No man is an island,
Entire of itself,
Every man is a piece of the continent,
A part of the main.

We all have a collective grid of preconceptions, shared expectations, and accepted protocols through which we see out to the world and through which the world comes to us. If you don’t believe me, just try changing the rules to a game played for decades at the local social club. I dare you.

Because we have constructs for everything, we will have difficulty seeing Jesus when he challenges our comfortable assumptions. Jesus looks too much like us. We’ve coopted him, repackaged him, made him comfortable, usable, for us. Then, we lose the ability to see him in our daily activities, hear him speaking to us.

Theologian John Dominic Crossan once said, “beware of finding a Jesus entirely congenial to you.” We don’t want a Saviour who is constantly poking around at our idolatries. Our bigotries. How annoying! And to reject the Jesus who welcomes others, is automatically to reject God.

Let’s be honest, sometimes we’re either afraid or ashamed to be challenged because it’s just easier to rest in a Gospel re-envisioned to suit us. No outsiders allowed. Gather with those who look and think like us because it’s safer and more controllable.

This is something hard to see because those we think of as “other” are unique to every time and place. And, whenever we corral some particular group into the “unwanted” or “sinful” category, that’s precisely the place we will find Jesus.

We see this writ large in the ridiculous debacle of contemporary American politics. With ample posing, bluster, and incompetence enough for everyone with leftovers, we’ve decided it a great idea to crystalize our fears by bowing down to a self-proclaimed White House king. We say we want Jesus but really, we want Barabbas. And he means to neanderthalize what once was a cultural mecca for progressive (small ‘p’) values and diversity. Rather than seek to understand one another and enjoy the delightful surprises of acceptance, we vilify and demonize and divide. Indeed, our wrath spilleth over. 

Who here remembers Isaac Asimov? He was a professor of biochemistry at Boston University and a prolific author. He once said, “your assumptions are your window on the world. Scrub them off sometimes or the light won’t come in.”

Jesus is not in the business of satisfying what we already believe to be true. Jesus wants us to follow him who IS true.

You want to find Jesus? Don’t look for him on the courthouse lawn. Find him in the prisons.

Don’t look for him in the backyard suburbia. Find him in tent villages under bridges.

Don’t look for him in the Constitution. Find him in between the lines of graffiti or suicide notes.

Don’t look for him in the hallways of power and priviledge. Find him in the faces of caged children and in the mentally challenged.

See his face staring back through the black eyes and broken nose of the abused housewife.

Find him in the cyber-bullied student or pregnant teen.

See him looking back at you in the eyes of your Republican neighbour, your Democrat sister, your drug-addict brother, your senile grandma.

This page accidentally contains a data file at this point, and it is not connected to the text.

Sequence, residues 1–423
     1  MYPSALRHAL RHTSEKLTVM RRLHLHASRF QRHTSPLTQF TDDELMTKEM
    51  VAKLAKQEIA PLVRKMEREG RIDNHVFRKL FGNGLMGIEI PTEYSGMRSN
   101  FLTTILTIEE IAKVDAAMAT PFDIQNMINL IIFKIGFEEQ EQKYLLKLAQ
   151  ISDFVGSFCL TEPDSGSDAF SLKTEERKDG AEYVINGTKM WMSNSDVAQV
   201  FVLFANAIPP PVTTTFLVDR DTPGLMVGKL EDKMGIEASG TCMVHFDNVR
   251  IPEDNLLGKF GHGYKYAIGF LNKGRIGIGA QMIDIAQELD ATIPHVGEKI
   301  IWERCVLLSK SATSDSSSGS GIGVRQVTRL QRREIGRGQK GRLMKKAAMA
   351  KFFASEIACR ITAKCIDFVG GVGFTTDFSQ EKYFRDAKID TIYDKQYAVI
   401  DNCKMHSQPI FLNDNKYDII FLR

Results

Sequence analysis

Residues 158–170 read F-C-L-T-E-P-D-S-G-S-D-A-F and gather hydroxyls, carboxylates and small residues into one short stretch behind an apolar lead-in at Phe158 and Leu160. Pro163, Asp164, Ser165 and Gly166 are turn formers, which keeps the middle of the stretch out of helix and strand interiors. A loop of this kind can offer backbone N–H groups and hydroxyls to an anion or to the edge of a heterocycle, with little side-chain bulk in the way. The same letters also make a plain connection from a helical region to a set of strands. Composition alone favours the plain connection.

See him in your enemy.

It is as true now as it was then, Jesus is often the least welcome among those who claim to know him best. We can be slow to accept anything that challenges our deeply embedded assumptions. Over familiarity with what we’re convinced is true about Jesus can keep us on the outside of experiencing the love he offers.

And, at the very heart of the Gospel is love. It is God intruding into our lives, shattering our pre-existing ideas about everything. Not to be a bully. But to help us clean off our windows enough to let in some light.

Let us not be those whose cast iron opinions (of which, obviously, I’m equally guilty) disallow the in-breaking of God’s love into our lives. Let us instead be those who are always willing to be surprised by Jesus. Let us not allow our knowledge about Jesus stand in the way of our love for him.

Who knows, perhaps he’ll be welcome enough in our hearts to perform mighty deeds of power? Lord, in your mercy, may it be so. Amen.

 

Defiance: Introducing Mark’s Jesus

What follows is a “bloggified” version of my sermon from last Sunday, June 3rd.

* * * * *

Today we begin our summer sermon series entitled “Defiance: Challenging the Norm.” We will focus on Jesus’ radical, counter-cultural life and the ways he defied social norms, religious traditions, and theological expectations. We’ll be using for this exploration the gospel of Mark.

Mark will reveal to us a Jesus offering hope for the abundant life, convincing people that he was the promised Messiah, spending time with disreputable people, challenging the social conventions of his day, healing, teaching, eating and drinking, praying, and teaching his disciples to do the same.

 So, when we hear the word “defiance,” what comes to mind?

The stubborn two-year-old who sits pouting, arms folded, at the kitchen table because he didn’t get his way?

The angry teenager who shouts, “I hate you!” just before slamming shut her bedroom door?

That guy who insists on his right to walk through the shopping mall, teaming with families, with an open carry pistol?

Or, conversely, the PC police, social justice warrior who shouts down a speaker at a university campus because she disagrees with the message?

All of the above? None of the above?

Maybe this is what we think?Defiance 1 (boot).jpgPeople rising up against their oppressors. Jesus did that, although in subtle, subversive ways. And, he starts from the inside out. His weapons of choice? Love and his own life.